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Fates and Furies

Fates and Furies

Wow. I read this entire novel on the train home from the Lake District, and I was gobsmacked. That seems like the only appropriate word for my reactions on Lauren Groff's novel Fates and Furies. I borrowed the book from my library on my kindle on a whim, without really reading a synopsis or any reviews. I just thought the title looked interesting and it was marked a finalist for the 2015 national book award (this list also steered me in the right direction with Adam Johnson's Fortune Smiles). Another advantage to reading this book on my kindle was that I was entirely shocked when I thought I reached the end of the novel and clicked on progress to learn I was only halfway through.

Fates and Furies is the story of Fate through the eyes of the husband, Lotto, and Fury through the eyes of the wife, Mathile. When I reached the end of Lotto's narration, I thought the story had ended... oh, was I wrong (this is not spoiling anything, have no fear). There was a lot I loved about this novel, but I think my favorite was the bracketed asides of the narrator, who gives an omnipresent perspective. For example, Chapter 2 begins (again, I promise I won't spoil you):

 A unity, marriage, made of discrete parts. Lotto was loud and full of light; Mathilde, quiet, watchful. Easy to believe that his was the better half, the one that set the tone. It’s true that everything he’d lived so far had steadily built toward Mathilde. That if his life had not prepared him for the moment she walked in, there would have been no them. The drizzle thickened to drops. They hurried across the last stretch of beach. [Suspend them there, in the mind’s eye: skinny, young, coming through dark toward warmth, flying over the cold sand and stone. We will return to them. For now, he’s the one we can’t look away from. He is the shining one.]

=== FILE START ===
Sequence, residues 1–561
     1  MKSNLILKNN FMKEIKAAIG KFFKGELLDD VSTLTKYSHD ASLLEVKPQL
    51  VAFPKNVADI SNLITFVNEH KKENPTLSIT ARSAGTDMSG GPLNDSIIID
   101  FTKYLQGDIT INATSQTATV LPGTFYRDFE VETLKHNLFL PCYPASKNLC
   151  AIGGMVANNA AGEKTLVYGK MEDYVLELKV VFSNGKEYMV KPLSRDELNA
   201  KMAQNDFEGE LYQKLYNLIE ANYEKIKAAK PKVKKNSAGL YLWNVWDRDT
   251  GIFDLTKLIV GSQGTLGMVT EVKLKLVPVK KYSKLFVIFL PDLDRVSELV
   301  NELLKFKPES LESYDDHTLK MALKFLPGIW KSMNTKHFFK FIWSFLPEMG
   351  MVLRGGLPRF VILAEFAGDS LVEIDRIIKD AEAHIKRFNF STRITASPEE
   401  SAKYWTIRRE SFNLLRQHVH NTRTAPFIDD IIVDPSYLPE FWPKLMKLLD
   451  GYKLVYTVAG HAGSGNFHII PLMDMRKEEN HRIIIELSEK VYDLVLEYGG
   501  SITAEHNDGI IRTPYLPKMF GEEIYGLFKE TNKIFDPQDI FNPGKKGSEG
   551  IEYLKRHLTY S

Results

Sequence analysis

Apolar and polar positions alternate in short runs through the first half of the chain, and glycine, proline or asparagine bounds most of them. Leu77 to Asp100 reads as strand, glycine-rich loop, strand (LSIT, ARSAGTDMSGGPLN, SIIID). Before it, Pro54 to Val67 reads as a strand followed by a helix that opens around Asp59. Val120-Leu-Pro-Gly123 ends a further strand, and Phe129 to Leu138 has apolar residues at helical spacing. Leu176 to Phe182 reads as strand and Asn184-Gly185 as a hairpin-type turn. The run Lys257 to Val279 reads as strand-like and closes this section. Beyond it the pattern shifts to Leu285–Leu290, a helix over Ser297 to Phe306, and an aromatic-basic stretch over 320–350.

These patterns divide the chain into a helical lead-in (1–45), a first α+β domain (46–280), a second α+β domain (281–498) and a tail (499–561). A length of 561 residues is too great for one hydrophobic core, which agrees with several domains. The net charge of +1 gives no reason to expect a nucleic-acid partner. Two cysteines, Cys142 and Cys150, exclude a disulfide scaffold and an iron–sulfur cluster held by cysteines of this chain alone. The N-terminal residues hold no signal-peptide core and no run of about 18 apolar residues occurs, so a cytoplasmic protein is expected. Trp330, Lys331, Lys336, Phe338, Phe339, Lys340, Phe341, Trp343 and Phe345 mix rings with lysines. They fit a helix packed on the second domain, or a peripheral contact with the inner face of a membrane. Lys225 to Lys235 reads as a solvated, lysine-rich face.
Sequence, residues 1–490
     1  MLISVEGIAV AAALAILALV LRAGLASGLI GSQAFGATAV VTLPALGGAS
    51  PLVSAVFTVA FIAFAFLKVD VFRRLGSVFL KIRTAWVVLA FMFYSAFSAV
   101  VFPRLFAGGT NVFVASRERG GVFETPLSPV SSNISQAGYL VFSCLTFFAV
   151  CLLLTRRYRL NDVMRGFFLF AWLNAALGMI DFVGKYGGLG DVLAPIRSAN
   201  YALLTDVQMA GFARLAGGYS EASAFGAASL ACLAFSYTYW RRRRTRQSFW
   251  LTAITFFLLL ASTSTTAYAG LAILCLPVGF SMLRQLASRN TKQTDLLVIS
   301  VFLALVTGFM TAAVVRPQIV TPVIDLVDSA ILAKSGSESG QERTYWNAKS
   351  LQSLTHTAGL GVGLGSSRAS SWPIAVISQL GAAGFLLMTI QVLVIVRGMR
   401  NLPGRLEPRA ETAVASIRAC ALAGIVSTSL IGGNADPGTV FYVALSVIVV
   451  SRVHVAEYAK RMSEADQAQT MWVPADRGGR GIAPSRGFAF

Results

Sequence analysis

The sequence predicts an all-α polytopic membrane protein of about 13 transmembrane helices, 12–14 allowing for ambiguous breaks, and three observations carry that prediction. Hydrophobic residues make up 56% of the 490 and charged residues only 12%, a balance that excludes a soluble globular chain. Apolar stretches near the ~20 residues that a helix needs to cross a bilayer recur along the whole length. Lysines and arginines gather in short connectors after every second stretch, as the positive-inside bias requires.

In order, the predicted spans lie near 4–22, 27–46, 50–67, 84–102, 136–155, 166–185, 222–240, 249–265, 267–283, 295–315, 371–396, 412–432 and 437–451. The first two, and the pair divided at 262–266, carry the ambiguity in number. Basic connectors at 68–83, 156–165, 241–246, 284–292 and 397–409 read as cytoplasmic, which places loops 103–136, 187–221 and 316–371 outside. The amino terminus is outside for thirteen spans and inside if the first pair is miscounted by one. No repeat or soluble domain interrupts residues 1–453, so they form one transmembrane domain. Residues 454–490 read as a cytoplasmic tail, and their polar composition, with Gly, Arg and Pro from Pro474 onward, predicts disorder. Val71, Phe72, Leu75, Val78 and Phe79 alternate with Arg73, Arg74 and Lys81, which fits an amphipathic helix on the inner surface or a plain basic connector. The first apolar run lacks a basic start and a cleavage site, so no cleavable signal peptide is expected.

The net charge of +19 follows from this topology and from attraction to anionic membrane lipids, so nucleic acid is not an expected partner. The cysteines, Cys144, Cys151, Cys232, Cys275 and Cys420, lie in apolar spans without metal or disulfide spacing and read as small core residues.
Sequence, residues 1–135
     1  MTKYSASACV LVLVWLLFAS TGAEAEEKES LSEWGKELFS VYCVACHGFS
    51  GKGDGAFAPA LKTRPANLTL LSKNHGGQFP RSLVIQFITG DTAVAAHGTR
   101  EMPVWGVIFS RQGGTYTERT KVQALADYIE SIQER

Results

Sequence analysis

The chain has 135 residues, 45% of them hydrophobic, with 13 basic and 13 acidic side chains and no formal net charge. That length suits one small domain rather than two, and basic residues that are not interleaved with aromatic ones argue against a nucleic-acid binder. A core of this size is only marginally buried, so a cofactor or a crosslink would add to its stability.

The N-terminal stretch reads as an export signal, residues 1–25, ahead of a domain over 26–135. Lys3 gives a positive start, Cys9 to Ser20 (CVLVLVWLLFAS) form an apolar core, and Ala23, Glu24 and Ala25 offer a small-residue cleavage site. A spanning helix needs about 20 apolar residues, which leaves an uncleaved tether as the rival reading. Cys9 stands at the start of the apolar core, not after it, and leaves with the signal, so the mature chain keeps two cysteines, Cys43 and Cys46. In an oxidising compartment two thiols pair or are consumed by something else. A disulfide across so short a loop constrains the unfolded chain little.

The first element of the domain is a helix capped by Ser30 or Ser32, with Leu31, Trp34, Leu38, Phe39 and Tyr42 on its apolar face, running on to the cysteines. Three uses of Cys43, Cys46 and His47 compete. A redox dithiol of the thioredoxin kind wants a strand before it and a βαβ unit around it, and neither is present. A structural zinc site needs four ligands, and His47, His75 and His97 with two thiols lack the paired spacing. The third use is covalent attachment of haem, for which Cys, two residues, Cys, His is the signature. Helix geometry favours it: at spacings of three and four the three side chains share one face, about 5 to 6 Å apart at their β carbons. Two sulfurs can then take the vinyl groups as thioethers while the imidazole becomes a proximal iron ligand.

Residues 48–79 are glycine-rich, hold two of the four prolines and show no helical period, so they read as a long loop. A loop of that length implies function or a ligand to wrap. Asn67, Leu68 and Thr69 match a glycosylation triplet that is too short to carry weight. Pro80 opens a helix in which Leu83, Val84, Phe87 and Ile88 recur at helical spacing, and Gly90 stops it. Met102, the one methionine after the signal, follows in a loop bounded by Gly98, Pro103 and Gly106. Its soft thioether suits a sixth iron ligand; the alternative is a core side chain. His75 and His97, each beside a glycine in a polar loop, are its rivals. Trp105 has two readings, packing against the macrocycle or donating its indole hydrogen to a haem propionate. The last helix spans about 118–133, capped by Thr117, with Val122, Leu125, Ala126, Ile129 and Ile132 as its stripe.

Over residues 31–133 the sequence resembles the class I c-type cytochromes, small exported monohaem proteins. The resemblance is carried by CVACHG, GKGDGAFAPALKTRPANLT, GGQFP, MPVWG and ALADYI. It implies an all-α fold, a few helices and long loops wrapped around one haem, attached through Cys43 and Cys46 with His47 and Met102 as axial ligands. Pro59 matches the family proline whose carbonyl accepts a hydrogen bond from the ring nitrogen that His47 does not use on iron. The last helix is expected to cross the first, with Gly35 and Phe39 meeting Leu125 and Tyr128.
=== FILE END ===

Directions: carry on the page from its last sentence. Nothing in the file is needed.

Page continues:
In an interview, Groff speaks of these bracketed asides and how she originally intended the novel to be split into two. The asides were what linked them together and allowed some glimpse into the "truth" of what was happening. The NYT Book review writes, "If you approach Fates and Furies without great expectations, you’re much likelier to appreciate it for the bumpy but alluring effort that it is, and even for its touch of evil." The story is this mix of raw emotion and suspense and wives of playwrights and Greek tragedy/comedy and I don't quite have the words to describe it and I also don't want to tell you more because I think you should be absorbed in the story on your own [go read it without googling the plot]. Rating: ★★★★★

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